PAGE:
Arguments in marriage are like dirty dishes in the sink—they’re best dealt with immediately. At least, that’s how my husband and I have come to see it.
We learned early that putting off washing dishes does not make the chore any easier. On the contrary, if you let them sit long enough (which I’m ashamed to admit we did during those honeymoon weeks), milk will sour, mold will grow, and a cloud of midges will hover menacingly above your sink. It’s truly disgusting. Even if you put dishes to soak in hot water to loosen the baked-on grime, you had better return before the water becomes tepid and the suds disappear, or you’ll be back to dealing with a cold, slimy mess.
Having learned this lesson the hard way, I now try to tend to my dirty dishes in a more timely fashion. I take care not to make a bigger mess than is necessary. As much as is possible, I wash up as I go when preparing meals, so that it’s a simple matter of loading cups and plates into the dishwasher after we eat. And I also make a point to never leave dishes in the sink overnight.
I have found that abiding by these simple rules—don’t make unnecessary messes, wash up as you go, empty the sink before bedtime—makes the kitchen a vastly more pleasant place to work. But these same principles adapt readily to marriage in general and to conflict resolution in particular: Avoid unnecessary arguments. Address areas of conflict as they arise. And don’t go to bed angry. The rules are simple. They’re Biblical. And abiding by them makes our home an exceedingly more peaceful place to live.
Avoid Unnecessary Arguments
The Bible makes it clear that the best kind of argument is one that’s avoided. Read for yourself:
- “The beginning of strife is like letting out water, so abandon a quarrel before it breaks out.” (Proverbs 17:4)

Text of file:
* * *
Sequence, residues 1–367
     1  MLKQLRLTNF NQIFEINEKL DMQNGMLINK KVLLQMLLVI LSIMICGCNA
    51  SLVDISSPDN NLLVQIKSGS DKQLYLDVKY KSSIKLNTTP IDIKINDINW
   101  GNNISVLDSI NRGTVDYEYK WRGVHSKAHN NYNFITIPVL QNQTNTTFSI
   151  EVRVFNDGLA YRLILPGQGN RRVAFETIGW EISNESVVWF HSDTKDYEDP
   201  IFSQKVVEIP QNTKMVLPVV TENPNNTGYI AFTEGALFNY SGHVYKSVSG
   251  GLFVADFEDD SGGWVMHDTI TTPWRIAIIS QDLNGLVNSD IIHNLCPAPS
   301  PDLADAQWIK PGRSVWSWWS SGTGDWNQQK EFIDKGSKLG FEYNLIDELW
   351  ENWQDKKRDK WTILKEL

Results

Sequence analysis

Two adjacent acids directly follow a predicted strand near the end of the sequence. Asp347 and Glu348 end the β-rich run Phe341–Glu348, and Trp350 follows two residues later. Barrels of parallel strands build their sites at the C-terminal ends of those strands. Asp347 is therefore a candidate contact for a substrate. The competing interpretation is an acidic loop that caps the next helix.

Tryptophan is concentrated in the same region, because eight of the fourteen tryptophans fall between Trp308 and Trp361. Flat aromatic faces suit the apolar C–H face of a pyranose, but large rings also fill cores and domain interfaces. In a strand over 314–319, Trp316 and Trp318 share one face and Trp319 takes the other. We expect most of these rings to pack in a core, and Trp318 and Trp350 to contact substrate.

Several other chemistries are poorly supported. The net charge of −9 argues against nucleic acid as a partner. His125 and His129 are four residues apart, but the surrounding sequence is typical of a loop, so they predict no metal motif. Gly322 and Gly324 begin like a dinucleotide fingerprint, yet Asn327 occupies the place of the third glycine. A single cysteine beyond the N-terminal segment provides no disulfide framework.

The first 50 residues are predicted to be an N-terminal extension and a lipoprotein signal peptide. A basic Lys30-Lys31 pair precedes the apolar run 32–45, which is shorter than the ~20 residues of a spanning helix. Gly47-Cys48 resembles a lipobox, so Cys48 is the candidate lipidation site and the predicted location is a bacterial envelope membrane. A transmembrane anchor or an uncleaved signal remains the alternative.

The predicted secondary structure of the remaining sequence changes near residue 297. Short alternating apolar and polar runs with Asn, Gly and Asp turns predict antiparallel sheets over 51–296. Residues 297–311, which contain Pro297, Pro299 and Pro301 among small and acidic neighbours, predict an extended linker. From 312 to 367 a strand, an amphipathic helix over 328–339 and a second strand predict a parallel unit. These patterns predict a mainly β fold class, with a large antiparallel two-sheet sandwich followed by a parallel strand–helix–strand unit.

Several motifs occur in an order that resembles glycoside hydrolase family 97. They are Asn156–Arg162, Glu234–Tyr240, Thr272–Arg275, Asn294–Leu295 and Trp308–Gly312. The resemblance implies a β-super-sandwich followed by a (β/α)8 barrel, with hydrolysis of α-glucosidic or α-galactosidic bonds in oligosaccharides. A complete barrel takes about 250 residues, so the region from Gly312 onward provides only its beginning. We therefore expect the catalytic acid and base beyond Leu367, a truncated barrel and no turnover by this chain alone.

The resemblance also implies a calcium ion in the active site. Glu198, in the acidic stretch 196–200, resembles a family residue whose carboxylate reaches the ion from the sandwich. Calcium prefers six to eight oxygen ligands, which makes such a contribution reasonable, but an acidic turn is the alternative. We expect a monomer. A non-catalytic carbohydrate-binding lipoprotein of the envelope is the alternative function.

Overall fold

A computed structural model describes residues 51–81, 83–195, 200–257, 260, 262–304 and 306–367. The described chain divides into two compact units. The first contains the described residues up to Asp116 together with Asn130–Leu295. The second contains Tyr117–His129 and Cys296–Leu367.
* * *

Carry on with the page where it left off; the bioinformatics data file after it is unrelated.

- “Keeping away from strife is an honor for a man, but any fool will quarrel.” (Proverbs 20:3)
- “But everyone must be quick to hear, slow to speak and slow to anger.” (James 1:19)
Rather than wearing our feelings on our sleeves and taking offense at every little thing our husband does, we should cultivate an attitude of grace and forgiveness. But what if we find ourselves in the midst of conflict, despite our best efforts to avoid it. What then?
Address Areas of Conflict as They Arise
It is imperative that couples deal with disputes in a timely fashion, preferably as soon as they come up. Even if you decide in the heat of an argument that you need to cool off before continuing a discussion, do not put it off too long, lest you give wounds an opportunity to fester and find yourself in a bigger mess than you started with. Pray rather that God will give you the wisdom and love and patience you need to resolve the problem now.
Don’t Go to Bed Angry
The Bible states in no uncertain terms that we must “not let the sun go down on [our] anger” (Eph. 4:26). Solomon recommends that if we have a dispute with a neighbor, we “give no sleep to [our] eyes, nor slumber to [our] eyelids” until we’ve humbled ourselves and seen the matter resolved.
When a husband and wife make it their habit to resolve differences before turning in for the night, they are able to extend and experience forgiveness. After truly letting go of offenses, they rest with a clear conscience, unbothered by the day’s affairs, at peace with God and man. The alternative is tossing and turning night after night, never free of stress, guilt, resentment, anger, and bitterness that swarm through your thoughts like a cloud of midges? Given the choice, wouldn’t you rather just deal with the mess now?
The above article was adapted from pp. 253-258 of my book, Love Your Husband/Love Yourself: Embracing God’s Plan for Passion in Marriage.